There were no trans-Atlantic reports during this session.  Why?

Neil, W0YSE/7 / WG2XSV, received a report from a new stations and provided the following comments and statistics:

“…I woke up around 4:15 am to discover that I forgot to put my wspr back on TX before bedtime. So I sent out a wspr blast and discovered a new listener, KD0S in central South Dakota. He popped up immediately.

Here are the 11 that I heard:  VA7MM, VE7BDQ, VE7CNF, WE2XPQ, WG2XIQ, WG2XXM, WH2XCR, WH2XGP, WH2XXP, WI2XBQ, WI2XJQ”

Doug, K4LY / WH2XZO, reported a noisy night in South Carolina, decoding nine WSPR stations and receiving reports from 36 unique stations.  Doug shared two-way reports with WH2XCR, which he indicates was the highlight but he had no reports to or from VE7.

Rick, W7RNB / WI2XJQ, reports a very good session with a waterfall full of signals and decodes of eleven WSPR stations (in addition to a number of phantoms) as well as reports from 25 unique stations.  Unique report details for Rick and these stations can be viewed here.

Trans-Pacific report details for this session (excluding KL7 and KH6) are aggregated here.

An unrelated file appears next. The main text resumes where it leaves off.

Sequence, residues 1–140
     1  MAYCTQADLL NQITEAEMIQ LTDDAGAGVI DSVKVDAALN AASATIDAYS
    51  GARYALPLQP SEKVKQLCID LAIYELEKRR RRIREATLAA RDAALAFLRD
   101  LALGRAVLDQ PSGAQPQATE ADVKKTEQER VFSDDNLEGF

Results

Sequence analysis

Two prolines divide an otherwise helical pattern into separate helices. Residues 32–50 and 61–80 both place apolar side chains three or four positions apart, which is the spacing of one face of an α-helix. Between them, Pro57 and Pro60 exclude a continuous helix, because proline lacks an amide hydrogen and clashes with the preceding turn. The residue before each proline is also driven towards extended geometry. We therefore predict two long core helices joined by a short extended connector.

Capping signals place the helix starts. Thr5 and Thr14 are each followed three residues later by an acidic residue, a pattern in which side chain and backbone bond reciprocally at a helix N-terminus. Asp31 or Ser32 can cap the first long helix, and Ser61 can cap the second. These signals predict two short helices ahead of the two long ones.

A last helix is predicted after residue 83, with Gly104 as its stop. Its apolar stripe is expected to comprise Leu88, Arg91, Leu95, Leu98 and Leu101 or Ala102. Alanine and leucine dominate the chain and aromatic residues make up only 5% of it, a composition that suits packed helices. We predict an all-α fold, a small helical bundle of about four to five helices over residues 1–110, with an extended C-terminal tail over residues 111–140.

Roger, VK4YB, reported, “Good session with lower noise as storms were more distant. TP is holding up very well. All undecoded traces were from known stations, so no mystery stations tonight. I believe JR1IZM was a new reporter for me.”  Roger received reports from 7L1RLL4, JA1PKG, JA3TVF, JE1JDL, JR1IZM, WW6D and W7IUV.  He provided reports for WH2XXP, WH2XGP, WG2XXM, VE7BDQ (two-way) and WI2XBQ (two-way).

Ward, K7PO / WH2XXP,  received reports from 67 unique stations, including VK4YB, VK2XGJ, and ZL2BCG.

Larry, W7IUV / WH2XGP, received reports from 46 unique stations, including VK4YB and ZL2BCG. He provided reports for 14 WSPR stations.  As W7IUV and listening with the western receive antenna, Larry decoded 12 WSPR stations including VK4YB.